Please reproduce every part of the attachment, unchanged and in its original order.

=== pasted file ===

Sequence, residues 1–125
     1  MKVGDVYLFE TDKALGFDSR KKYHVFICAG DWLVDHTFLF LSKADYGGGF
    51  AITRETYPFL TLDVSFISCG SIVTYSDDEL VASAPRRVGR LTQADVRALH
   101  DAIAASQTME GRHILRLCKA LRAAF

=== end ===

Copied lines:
Sequence, residues 1–125
     1  MKVGDVYLFE TDKALGFDSR KKYHVFICAG DWLVDHTFLF LSKADYGGGF
    51  AITRETYPFL TLDVSFISCG SIVTYSDDEL VASAPRRVGR LTQADVRALH
   101  DAIAASQTME GRHILRLCKA LRAAF